December 09, 2021

Now that we are in the Christmas season, I have noticed the usual traffic delays are back again. I did not get out as much last year to experience the delays that normally come with the season.  It was reported on the newscasts that there were fewer people out last year, and the normal road delays were not as acute.  There are several streets in the city near us that Melissa does not like to travel in normal traffic, and she refuses to drive them during the holidays.  I noticed the city has placed electronic traffic billboards along these routes encouraging people to “put it down and drive,” and to “pay attention to the road.”  The roads are still bottlenecks and delays as people jockey for position between the traffic lights and trying to enter and exit the stores and restaurants that line both sides of the streets.

Traffic management is a key branch of logistics, and concerns “the planning, control, and purchasing of transport services needed to physically move vehicles and freight as smoothly as possible without delays.”  Cities use traffic management concepts on the streets and roads to organize, arrange, guide, and control both stationary (parked) and moving traffic.  This includes pedestrians, bicyclists, and all types of vehicles.  The aim is to provide the safe, orderly, and efficient movement of persons and goods, and where possible to protect and enhance the quality of the local environment on and adjacent to traffic.  When I checked online, I found our city’s traffic control department is comprised of seven different programs.  In general, the department is responsible for repairing and maintaining City streets and drainage system, is responsible for the repair and construction of sidewalks, and maintenance of traffic signals and street signs.  That is a large task even in small cities.  It is no wonder delays occur.

As I sat in line last week at the drive through to our local pharmacy I met with delays.  It is usually a quick wait and the young girls who usually people the window will ask cars to pull around if there are going to be any delays in getting the prescription filled.  That day there appeared to be supply chain problems.  I pulled around the corner to find I was the fourth car in line.  I waited nearly ten minutes for each car to pull away in front of me.  By the time I got to the window there were three cars behind me, and that did not count the three cars that chose to squeak by rather than wait in the delays caused by the line.  When I got to the window, I noticed they had a new, older person working.  I gave her my information and then waited nearly ten minutes as she walked the 20 steps back to the pharmacy and retrieved my prescription.  I assumed they must be having logistics problems.  Or maybe it is just the Christmas delays.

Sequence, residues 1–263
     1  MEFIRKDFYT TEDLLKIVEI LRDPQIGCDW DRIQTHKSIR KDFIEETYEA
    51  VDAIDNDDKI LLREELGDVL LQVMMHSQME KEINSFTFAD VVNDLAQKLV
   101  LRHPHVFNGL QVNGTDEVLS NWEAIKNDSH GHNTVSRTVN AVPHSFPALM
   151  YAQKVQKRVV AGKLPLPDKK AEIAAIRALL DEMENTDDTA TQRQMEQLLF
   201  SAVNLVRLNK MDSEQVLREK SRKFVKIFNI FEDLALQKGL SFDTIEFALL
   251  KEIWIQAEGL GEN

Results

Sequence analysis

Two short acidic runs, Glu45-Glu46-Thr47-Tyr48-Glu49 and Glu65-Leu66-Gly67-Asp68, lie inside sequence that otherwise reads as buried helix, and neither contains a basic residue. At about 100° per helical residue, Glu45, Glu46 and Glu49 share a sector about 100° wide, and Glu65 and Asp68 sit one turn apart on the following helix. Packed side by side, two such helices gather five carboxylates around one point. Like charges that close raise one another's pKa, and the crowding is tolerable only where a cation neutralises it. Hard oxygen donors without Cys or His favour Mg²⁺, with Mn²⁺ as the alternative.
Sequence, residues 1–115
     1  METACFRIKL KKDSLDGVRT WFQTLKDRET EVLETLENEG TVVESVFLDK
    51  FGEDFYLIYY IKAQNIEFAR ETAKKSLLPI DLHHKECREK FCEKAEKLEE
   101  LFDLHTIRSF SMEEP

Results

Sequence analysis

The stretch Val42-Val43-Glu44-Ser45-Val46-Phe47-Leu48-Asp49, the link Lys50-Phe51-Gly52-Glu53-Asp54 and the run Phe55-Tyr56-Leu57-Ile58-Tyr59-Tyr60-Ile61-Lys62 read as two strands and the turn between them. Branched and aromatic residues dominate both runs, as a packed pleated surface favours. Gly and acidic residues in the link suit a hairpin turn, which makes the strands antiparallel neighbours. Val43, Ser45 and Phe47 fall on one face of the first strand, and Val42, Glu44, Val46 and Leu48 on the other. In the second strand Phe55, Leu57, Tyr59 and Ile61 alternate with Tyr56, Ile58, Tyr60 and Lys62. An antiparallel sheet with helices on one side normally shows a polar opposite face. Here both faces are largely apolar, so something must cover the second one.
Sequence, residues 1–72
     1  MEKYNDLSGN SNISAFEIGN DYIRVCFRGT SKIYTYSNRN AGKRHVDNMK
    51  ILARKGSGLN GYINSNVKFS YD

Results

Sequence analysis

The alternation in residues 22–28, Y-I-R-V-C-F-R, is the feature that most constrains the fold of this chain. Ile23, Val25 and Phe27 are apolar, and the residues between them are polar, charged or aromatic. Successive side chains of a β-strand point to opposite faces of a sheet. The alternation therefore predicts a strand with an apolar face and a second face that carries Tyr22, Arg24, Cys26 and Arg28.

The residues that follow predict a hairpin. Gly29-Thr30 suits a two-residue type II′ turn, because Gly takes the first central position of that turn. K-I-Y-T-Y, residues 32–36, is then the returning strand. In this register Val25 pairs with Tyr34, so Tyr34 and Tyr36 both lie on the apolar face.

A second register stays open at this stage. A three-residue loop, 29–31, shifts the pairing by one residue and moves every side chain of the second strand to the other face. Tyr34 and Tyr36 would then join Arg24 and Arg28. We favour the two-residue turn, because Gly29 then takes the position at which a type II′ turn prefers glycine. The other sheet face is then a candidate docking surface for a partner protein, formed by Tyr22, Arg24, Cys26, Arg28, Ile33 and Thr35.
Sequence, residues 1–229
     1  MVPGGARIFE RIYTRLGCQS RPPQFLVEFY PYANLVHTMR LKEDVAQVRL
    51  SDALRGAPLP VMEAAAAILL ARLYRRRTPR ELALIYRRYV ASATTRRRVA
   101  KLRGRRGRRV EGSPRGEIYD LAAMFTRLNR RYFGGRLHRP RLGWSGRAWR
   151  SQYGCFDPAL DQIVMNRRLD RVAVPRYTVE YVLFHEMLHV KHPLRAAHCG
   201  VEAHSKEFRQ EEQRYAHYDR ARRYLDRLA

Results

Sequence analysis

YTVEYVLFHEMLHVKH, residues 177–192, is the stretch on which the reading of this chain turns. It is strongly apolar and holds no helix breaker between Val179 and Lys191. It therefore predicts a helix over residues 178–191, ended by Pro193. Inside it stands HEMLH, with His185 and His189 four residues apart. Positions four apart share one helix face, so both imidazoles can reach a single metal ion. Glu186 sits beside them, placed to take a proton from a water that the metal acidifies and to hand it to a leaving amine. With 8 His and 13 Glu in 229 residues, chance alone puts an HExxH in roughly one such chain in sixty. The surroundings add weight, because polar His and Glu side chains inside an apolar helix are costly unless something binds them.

Thoughts:  When I worked for the State of Utah, I took a trip to Denver with a group of Department of Transportation (DOT) engineers to discuss a statewide project with the USDOT office located there.  Riding in from the airport I was admiring all the different types of houses located along the route.  My colleagues were instead marveling at the overpasses and cloverleafs we passed along the way.  People really do get excited about different things.  Listening to the engineers talk provided insights that I later used to improve relations with them on other projects.  When we listen and then use the knowledge gain to build connections with others cooperation becomes easier.  Do the work.  Follow the science.  Change is coming and it starts with you.

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